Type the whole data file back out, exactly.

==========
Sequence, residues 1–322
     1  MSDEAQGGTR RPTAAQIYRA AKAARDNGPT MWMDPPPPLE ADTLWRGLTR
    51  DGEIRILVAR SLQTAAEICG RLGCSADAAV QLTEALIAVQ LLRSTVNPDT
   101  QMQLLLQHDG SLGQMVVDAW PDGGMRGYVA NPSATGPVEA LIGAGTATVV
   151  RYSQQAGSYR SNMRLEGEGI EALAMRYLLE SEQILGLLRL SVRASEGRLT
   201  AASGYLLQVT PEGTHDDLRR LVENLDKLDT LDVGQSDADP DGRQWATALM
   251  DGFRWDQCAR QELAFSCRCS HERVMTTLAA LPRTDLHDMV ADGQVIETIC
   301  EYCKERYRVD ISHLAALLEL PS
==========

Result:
Sequence, residues 1–322
     1  MSDEAQGGTR RPTAAQIYRA AKAARDNGPT MWMDPPPPLE ADTLWRGLTR
    51  DGEIRILVAR SLQTAAEICG RLGCSADAAV QLTEALIAVQ LLRSTVNPDT
   101  QMQLLLQHDG SLGQMVVDAW PDGGMRGYVA NPSATGPVEA LIGAGTATVV
   151  RYSQQAGSYR SNMRLEGEGI EALAMRYLLE SEQILGLLRL SVRASEGRLT
   201  AASGYLLQVT PEGTHDDLRR LVENLDKLDT LDVGQSDADP DGRQWATALM
   251  DGFRWDQCAR QELAFSCRCS HERVMTTLAA LPRTDLHDMV ADGQVIETIC
   301  EYCKERYRVD ISHLAALLEL PS